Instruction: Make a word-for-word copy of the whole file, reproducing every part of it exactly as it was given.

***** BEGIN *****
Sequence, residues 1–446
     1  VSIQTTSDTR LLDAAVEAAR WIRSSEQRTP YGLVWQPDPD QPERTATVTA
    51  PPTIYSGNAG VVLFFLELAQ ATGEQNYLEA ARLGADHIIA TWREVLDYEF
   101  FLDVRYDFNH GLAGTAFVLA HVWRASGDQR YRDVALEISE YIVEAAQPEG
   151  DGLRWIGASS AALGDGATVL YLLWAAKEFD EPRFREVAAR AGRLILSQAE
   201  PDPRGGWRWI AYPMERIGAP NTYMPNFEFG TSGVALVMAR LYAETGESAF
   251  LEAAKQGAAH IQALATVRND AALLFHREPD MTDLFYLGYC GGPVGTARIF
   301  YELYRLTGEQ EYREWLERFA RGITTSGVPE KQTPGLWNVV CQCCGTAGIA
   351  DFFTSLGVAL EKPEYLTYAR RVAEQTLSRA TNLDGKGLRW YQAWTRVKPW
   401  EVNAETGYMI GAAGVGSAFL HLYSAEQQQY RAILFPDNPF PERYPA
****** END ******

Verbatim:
Sequence, residues 1–446
     1  VSIQTTSDTR LLDAAVEAAR WIRSSEQRTP YGLVWQPDPD QPERTATVTA
    51  PPTIYSGNAG VVLFFLELAQ ATGEQNYLEA ARLGADHIIA TWREVLDYEF
   101  FLDVRYDFNH GLAGTAFVLA HVWRASGDQR YRDVALEISE YIVEAAQPEG
   151  DGLRWIGASS AALGDGATVL YLLWAAKEFD EPRFREVAAR AGRLILSQAE
   201  PDPRGGWRWI AYPMERIGAP NTYMPNFEFG TSGVALVMAR LYAETGESAF
   251  LEAAKQGAAH IQALATVRND AALLFHREPD MTDLFYLGYC GGPVGTARIF
   301  YELYRLTGEQ EYREWLERFA RGITTSGVPE KQTPGLWNVV CQCCGTAGIA
   351  DFFTSLGVAL EKPEYLTYAR RVAEQTLSRA TNLDGKGLRW YQAWTRVKPW
   401  EVNAETGYMI GAAGVGSAFL HLYSAEQQQY RAILFPDNPF PERYPA